People who tested positive for the new coronavirus and are staying at home will be asked to access the system every day and input their health condition. Medical institutions will input information on those who are hospitalized, such as their symptoms and the circumstances surrounding their admission and discharge.

    Furthermore, individuals who came in close contact with coronavirus patients will also receive IDs and passwords, and will be required to type in their health condition. By doing so, coronavirus patients’ information as well as the number of new infections and those released from hospitals can be swiftly collected and widely shared, according to the health ministry. So far, doctors have been filling out information on coronavirus cases and sending the information via fax to public health centers. Workers at these facilities have been inputting the information using computers. Some have pointed out that this method is inefficient.

    The health ministry is also set to introduce “G-MIS,” a system to support coronavirus-related information-sharing among medical institutions. Information on operational status, as well as circumstances surrounding hospital beds and medical staff, stocks of ventilators, masks, protective gear and other items of some 8,000 medical facilities nationwide can be collected and uniformly managed. The system will be used to supply medical equipment and manage the transferring of patients to hospitals.

Update on the Netherlands

  • The total number of confirmed cases of coronavirus in the Netherlands stood at 43,211 on Wednesday 13 May, health officials said, with a total of 5,562 people who lost their lives as a result of the disease.
  • The hotel and catering industry (Koninklijke Horeca Nederland, KHN) urges a relaxation of the measure regarding people from the same household to give the catering industry more air in the event of a possible reopening at the beginning of June.KHN wants people who form a household to be able to join tables without having to keep a distance of 1.5 meters.”If they are allowed to walk side by side on the street or sit together in the car, they should be able to do the same in the catering industry,” said a spokesperson in conversation with NU.nl.

    A spokesperson for the Ministry of Justice and Security refuses to discuss KHN’s ideas. “Conversations are still ongoing, but from our point of view, all 30 people will have to keep 1.5 meters away, including at the table.”

    In the KHN protocol published on Tuesday, which can still be adapted, the trade association states that a maximum of four people who do not come from the same household may sit at one table or bar without keeping 1.5 meters away. They should be seen as an “exception”, but according to the spokesperson that is not the intention: “They should keep a distance from each other and the rest of the guests.”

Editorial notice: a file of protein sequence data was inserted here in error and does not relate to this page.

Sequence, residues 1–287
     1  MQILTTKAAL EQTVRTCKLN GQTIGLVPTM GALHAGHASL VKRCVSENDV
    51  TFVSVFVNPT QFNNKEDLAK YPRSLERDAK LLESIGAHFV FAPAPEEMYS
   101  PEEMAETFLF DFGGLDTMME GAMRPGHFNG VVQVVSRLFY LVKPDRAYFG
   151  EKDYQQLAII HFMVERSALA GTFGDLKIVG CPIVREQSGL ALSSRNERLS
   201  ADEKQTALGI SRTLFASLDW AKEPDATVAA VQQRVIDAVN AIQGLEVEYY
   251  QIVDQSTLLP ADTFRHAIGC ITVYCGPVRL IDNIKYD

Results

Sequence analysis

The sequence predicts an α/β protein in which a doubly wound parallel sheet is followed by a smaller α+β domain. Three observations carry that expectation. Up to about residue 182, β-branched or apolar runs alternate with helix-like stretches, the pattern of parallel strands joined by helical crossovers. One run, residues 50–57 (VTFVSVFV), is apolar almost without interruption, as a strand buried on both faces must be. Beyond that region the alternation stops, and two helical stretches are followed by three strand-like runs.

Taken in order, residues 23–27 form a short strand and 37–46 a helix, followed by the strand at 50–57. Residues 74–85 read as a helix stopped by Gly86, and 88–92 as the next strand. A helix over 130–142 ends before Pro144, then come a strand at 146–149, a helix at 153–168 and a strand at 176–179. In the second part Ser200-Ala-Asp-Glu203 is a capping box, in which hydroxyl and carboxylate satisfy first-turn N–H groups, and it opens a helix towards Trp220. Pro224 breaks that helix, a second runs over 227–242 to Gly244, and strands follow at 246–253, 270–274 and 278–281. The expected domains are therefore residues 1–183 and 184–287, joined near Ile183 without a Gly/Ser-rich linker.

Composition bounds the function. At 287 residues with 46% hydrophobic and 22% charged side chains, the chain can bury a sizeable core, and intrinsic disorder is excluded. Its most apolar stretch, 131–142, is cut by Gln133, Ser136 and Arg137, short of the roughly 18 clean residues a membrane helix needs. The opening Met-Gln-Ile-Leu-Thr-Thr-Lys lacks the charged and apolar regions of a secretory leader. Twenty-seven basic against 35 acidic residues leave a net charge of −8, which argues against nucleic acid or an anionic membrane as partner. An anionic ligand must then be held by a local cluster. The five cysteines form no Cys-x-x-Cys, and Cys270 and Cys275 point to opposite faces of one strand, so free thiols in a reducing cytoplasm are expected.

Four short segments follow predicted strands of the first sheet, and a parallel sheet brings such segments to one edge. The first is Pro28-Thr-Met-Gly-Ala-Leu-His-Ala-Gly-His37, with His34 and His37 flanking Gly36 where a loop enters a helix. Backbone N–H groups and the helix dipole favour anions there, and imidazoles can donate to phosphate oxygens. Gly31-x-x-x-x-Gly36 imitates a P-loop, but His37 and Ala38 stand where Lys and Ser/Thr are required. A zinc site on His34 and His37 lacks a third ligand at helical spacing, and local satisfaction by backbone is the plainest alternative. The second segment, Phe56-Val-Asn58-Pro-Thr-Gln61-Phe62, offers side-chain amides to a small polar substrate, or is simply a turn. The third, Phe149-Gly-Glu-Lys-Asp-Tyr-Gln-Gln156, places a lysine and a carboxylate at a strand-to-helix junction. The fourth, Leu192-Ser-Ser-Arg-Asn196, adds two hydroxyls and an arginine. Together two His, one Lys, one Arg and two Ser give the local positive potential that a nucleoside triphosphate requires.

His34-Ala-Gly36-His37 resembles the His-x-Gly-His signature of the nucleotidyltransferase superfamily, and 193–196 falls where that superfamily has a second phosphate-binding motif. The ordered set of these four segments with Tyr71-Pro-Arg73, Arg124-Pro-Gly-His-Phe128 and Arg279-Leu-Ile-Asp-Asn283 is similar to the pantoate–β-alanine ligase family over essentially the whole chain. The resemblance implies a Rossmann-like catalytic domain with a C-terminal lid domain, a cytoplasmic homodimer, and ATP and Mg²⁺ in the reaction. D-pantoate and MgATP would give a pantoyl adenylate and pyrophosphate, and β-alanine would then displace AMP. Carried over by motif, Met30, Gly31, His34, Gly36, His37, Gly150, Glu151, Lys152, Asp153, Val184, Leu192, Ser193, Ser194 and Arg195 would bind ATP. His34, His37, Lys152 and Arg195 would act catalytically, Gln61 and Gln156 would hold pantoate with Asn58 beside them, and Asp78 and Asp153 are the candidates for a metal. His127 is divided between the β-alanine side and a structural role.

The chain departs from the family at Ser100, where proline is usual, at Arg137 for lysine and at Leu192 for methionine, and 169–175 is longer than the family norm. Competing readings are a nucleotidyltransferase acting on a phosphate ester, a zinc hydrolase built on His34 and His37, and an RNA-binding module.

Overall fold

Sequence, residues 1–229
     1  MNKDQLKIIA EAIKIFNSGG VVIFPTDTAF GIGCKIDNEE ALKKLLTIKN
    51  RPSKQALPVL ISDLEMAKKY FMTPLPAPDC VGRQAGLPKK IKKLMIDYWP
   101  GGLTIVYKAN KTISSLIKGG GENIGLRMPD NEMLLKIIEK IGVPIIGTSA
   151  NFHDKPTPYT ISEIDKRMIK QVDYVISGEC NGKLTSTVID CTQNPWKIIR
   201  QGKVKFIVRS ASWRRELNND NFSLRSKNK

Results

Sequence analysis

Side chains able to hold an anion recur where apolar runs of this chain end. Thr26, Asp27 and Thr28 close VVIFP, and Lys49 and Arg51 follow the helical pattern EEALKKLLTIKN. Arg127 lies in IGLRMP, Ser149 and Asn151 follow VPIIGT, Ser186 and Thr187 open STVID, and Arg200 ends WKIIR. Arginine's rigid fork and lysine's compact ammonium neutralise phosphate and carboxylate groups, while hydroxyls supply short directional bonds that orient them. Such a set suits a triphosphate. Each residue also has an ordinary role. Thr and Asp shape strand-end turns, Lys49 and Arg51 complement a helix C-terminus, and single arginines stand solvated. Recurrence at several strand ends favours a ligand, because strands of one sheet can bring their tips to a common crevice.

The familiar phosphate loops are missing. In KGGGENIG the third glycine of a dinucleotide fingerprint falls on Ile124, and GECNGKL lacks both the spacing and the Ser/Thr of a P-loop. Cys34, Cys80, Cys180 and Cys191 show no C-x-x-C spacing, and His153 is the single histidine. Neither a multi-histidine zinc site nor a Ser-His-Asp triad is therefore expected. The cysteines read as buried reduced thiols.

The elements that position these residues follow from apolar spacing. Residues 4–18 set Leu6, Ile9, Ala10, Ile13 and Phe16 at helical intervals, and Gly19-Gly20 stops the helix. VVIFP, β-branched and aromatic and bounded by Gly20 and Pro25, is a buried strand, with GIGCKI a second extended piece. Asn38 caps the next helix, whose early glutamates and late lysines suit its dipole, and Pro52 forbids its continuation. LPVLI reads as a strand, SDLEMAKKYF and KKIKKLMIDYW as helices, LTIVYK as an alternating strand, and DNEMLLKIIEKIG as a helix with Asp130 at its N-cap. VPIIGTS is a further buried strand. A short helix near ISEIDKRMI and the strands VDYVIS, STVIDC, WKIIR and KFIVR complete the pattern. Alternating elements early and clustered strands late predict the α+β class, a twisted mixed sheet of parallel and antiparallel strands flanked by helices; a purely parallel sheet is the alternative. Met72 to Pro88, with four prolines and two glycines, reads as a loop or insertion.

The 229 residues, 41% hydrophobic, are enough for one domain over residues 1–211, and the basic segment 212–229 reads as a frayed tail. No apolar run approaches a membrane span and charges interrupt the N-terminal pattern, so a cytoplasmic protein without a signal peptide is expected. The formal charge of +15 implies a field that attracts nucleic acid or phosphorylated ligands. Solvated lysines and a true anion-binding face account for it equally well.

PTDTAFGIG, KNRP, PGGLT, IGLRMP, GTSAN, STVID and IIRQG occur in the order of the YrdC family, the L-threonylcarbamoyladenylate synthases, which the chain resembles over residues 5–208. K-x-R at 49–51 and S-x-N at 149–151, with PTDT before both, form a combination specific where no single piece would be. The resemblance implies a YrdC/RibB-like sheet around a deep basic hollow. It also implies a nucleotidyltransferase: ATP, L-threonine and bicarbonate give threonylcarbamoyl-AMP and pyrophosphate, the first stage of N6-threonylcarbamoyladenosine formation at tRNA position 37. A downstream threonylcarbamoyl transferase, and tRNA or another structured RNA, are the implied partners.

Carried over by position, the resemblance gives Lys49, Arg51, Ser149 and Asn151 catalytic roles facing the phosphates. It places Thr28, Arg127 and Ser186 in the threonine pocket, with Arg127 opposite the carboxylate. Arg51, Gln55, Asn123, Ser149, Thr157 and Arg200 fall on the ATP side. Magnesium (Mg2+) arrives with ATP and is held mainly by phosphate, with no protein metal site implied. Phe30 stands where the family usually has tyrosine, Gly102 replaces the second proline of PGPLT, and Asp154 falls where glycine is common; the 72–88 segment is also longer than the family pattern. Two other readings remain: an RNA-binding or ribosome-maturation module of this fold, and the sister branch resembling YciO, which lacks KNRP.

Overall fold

Those who are from one household, regardless of the size of the group, can join together. KHN wants these groups to be exempted from the distance rule. At the end of May, KHN expects new regulations from the cabinet regarding the 1.5 meters rule.

  • Between 25 May and 1 September, there will be no 21% value added tax (VAT) on medical and non-medical face masks. The Ministry of Finance announced this on Wednesday 13 May. As of 1 June it is mandatory to wear a mask in public transport as trains and other public transport will operate again according to the regular schedule. Because travelers in full trains, buses and trams cannot keep a distance of 1.5 meters from others, the Cabinet is offering this temporary discount.On 20 April, the CDA had asked the cabinet to exempt masks and other personal protective equipment from customs duties and VAT. “We are asking society to start wearing non-medical masks on public transport from June onwards. Many people already make very creative masks themselves, but most will probably buy them in a store nearby,” says State Secretary Hans Vijlbrief (Finance) in a comment. “As a government, we naturally want to make this as cheap as possible, which is why we will temporarily levy no VAT on this,” says Vijlbrief.

    Last week Prime Minister Mark Rutte announced that no free masks will be distributed. “The masks that are necessary for the public transport can be made or bought by people. We will make all information available. The expectation is that these costs are not really prohibitive.”

    The zero rate only applies to ready-made masks, the discount cannot be applied to materials with which homemade items are made, such as fabrics and elastic, says a spokesperson for Vijlbrief. There is also no guarantee that the masks will actually become 21% cheaper for consumers, it is up to the sellers whether they also pass on this discount to the buyers.

    Lowering the VAT on masks to 0% is different from an exemption. For example, sellers who still pay VAT when purchasing can settle that amount against the tax. Some tax measures for the medical sector were already relaxed in mid-March.